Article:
The paper "Coca-Cola’ s Stakeholders" is a perfect example of a business case study. Recent research findings reveal that corporate sustainability and responsibility (CSR) is the major aspect that determines the survivability and performance of any modern organization. To maintain, develop and benefit from its wide market coverage, Coca-Cola invests a lot of time and finances in ensuring that it meets its yearly-drafted CSR objectives. For instance, the management of the company set a decade-long objective to restore the water used by the company in the production of soft drinks by the year 2020.
2014 business reports show that the company has replenished more than 50% of the water on a global scale through the process of developing community-based water projects (Balmer 2014, p. 3). Apart from the water initiative, the company is actively engaged in empowering its stakeholders, contributing to charities, producing healthy drinks, among other CSR approaches. However, the emission of greenhouse gases remains a major obstacle to the fulfilment of CSR objectives. As such, this paper aims to present a case study of Coca Cola’ s CSR with respect to the company’ s stakeholders.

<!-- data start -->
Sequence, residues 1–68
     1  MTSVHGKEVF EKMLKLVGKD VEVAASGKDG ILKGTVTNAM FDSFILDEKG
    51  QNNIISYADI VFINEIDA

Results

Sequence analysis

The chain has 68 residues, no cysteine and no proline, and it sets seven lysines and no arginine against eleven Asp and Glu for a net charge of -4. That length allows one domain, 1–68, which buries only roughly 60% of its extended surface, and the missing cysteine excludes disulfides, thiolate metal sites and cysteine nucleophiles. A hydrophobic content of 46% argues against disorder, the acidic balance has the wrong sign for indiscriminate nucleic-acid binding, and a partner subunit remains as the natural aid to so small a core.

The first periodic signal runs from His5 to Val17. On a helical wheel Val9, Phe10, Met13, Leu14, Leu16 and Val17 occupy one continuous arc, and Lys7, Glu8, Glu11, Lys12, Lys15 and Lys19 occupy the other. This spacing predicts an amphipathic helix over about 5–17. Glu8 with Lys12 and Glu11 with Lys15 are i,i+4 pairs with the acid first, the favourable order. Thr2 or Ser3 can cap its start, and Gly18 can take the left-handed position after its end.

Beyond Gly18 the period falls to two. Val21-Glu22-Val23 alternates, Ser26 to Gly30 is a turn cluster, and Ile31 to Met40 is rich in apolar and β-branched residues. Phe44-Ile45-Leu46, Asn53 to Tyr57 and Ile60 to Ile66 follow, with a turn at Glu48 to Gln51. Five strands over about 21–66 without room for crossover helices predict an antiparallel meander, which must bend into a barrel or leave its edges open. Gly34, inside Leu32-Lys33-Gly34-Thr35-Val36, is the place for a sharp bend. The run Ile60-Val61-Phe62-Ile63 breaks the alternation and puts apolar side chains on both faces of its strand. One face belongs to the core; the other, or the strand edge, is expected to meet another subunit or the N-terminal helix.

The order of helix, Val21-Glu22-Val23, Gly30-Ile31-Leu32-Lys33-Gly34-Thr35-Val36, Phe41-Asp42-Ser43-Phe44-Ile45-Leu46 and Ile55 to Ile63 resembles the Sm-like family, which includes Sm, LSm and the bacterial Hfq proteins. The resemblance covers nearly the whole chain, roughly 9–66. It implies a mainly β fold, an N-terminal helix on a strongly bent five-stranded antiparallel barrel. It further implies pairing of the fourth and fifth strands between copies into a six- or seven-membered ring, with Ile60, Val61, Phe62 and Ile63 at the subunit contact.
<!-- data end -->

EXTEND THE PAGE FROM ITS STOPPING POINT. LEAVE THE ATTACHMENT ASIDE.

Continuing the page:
It will achieve its objective by analyzing the company’ s stakeholders, describing the company’ s stakeholder engagement, contextualizing the Coca Cola-United Nations Millennium Development Goals (UN MDGs) relationship and presenting the company’ s SWOT analysis. Stakeholder analysis Analysis of stakeholders refers to the process of finding the effect of a given outcome that results from the implementation of a given company’ s CSR project. In this regard, according to the 2012 sustainability report, the original framework of Coca Cola’ s stakeholder model consisted of employees, customers, consumers, local and international non-governmental organizations (NGOs/INGOs), government, suppliers, communities, and investors.
However, due to the necessity of performance, the company restructured stakeholders into constituencies consisting of employees, customers, suppliers, consumers and communities; Pressure groups consisting of investors; regulators consisting of the government and INGOs/NGOs (Hastings & Domegan, 2013, p. 67).
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